Everyone has an opinion on the annual Budget, but with this year’s as controversial as ever, we take a look at some of the reactions from those working in the financial sector. With differing responses on buy-to-lets, austerity and the new Lifetime ISA, it seems there’ll never be a unified response to a Budget announcement.
A report in the IFA Magazine found reactions to be a particularly mixed bag. The director of the Legal and General Mortgage Club, Jeremy Duncombe, explained why he felt the Chancellor was right not to impose any more restrictions on buy-to-let investors. The new policies relating to buy-to-lets in 2015 are due to be applied from the 1 April 2016, and according to Duncombe, it will take a while to ‘bed them in’ before more changes can be made. He also reiterated the need for a good private rental market whilst the government works out a more robust answer to the general problem of affordable housing.
Nancy Curtin, however, Close Brothers Asset Managers’ Chief Investment Officer, feels that the Budget was ‘tinkering around the edges’ rather than dealing with the big issues. She claimed that further austerity was not going to result in the growth that the UK economy still needs. Curtin said that she felt George Osborne should abandon his deficit time frame and instead focus on large-scale investments and tax cuts.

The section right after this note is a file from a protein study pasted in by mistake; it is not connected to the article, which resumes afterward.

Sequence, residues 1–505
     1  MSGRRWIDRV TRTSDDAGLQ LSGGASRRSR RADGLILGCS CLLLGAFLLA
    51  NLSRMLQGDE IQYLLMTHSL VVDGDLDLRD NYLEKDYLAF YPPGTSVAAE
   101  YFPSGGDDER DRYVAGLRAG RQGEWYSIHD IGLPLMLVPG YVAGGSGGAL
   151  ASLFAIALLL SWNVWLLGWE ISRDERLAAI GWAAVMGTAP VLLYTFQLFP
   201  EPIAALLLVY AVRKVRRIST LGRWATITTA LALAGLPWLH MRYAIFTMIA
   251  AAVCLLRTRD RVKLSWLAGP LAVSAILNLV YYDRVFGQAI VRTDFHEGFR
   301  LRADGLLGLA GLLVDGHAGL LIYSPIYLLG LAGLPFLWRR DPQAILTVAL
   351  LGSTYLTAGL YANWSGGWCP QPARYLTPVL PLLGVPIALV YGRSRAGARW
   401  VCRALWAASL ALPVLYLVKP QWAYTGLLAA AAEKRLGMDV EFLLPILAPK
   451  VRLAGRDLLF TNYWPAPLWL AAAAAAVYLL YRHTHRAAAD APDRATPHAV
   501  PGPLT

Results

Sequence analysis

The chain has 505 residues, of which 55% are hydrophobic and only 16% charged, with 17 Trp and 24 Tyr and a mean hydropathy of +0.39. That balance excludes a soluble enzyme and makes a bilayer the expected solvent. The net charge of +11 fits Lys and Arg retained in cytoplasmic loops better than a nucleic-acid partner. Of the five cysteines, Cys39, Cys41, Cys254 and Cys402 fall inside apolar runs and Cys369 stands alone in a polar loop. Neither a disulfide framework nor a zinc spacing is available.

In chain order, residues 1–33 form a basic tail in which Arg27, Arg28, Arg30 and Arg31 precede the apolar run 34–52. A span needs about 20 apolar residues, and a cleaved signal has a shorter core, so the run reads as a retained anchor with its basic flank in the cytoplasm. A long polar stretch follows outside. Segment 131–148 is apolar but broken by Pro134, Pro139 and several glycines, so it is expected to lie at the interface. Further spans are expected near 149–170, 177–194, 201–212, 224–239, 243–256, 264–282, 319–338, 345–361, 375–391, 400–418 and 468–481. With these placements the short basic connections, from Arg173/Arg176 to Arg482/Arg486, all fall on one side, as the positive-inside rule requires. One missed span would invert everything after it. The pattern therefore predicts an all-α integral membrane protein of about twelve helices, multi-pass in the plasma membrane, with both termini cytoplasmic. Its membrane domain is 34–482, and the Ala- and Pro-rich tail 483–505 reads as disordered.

The introduction of the Lifetime ISA for under-40s has also had a mixed bag of reactions, with some saying that it is a great savings incentive for younger people but others worried that it will stop people putting money into an auto-enrolment work-based pension.
Much of the praise and criticism, however, relates to the state of the economy. The British economy is growing under the Tories, but extremely slowly, and some may say at a huge cost to much of the population. Personal debt is as high as ever, with more and more people looking at getting an IVA from firms such as Carrington Dean group limited.
Whilst most financial professionals back tax cuts and tax incentives for large firms, the general response is varied, with many feeling George Osborne is simply not doing enough to combat the main issues in our economy.